Even if I talk with someone to exchange knowledge with them, I, and they, may come away with totally different meanings of what was said. English is ambiguous at best. I enter conversations with preconceived ideas that influence the meaning I assign to what I hear. I see what I want to see, what I am prepared to see.
That is why stigma is so devastating. The label of mental illness changes how I perceive someone. Even if I have met someone and been in a conversation with them and formed an impression of them, if I then find out they have a label, my interpretation of all my knowledge of them changes. At a local mental hospital the patients don’t wear shoes. Doctors, and other staff, do wear shoes. Sometimes doctors can be seen talking to someone and briefly looking down to see if they have shoes on. Do the doctors want to know how to interpret what they see? Do they not trust what they see, and want a label?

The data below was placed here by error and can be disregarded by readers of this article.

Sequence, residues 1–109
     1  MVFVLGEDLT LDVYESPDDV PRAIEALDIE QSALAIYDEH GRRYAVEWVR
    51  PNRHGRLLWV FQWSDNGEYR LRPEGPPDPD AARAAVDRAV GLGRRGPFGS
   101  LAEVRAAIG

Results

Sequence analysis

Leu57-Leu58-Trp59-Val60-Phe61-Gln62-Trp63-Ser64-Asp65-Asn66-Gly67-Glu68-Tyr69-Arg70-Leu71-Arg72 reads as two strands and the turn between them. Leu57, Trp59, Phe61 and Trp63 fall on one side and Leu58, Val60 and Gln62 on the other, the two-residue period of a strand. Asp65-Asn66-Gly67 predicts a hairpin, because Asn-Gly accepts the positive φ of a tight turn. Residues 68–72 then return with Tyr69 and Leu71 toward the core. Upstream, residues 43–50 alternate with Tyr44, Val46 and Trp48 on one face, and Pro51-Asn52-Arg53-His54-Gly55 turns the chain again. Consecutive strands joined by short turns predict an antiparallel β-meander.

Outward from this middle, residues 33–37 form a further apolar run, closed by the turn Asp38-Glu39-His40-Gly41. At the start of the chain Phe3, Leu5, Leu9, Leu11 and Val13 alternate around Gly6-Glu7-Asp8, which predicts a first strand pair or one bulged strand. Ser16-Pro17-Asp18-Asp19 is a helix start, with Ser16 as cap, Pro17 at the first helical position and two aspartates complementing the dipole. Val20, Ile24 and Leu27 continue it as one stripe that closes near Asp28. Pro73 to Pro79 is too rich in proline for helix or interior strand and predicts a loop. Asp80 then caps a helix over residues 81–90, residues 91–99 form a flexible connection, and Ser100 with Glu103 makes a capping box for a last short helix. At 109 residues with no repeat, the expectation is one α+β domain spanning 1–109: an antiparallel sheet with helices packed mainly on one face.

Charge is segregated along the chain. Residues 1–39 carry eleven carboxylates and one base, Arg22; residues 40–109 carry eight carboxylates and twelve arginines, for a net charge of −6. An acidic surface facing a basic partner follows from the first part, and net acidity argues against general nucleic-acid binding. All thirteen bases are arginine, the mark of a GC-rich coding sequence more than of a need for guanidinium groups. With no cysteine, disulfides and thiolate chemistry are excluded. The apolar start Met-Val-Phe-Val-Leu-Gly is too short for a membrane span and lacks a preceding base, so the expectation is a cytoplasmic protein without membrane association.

The stigma of a lack of education is another example of not knowing what I don’t know. A certain pastor of a large church was reported as saying he would never hire a pastor that did not have a college education. It is interesting that the head of the church, Jesus, doesn’t qualify to work in his own organization. The religious leaders of Jesus time felt the same way. They remarked that he had not gone to school so, “Where did he get this teaching?” This pastor and the Pharisees felt they had nothing to learn from someone who had not gone to school.
The stigma of skin color and other physical features, perceived intelligence, wealth, cultural heritage, language, weight, youth, lack of youth, all claim to inform me about someone without me having to do the work of getting to know real individuals. When I do get to know real individuals they are always more wonderful than the lying, deceiving stigma told me they would be.
So what do you know?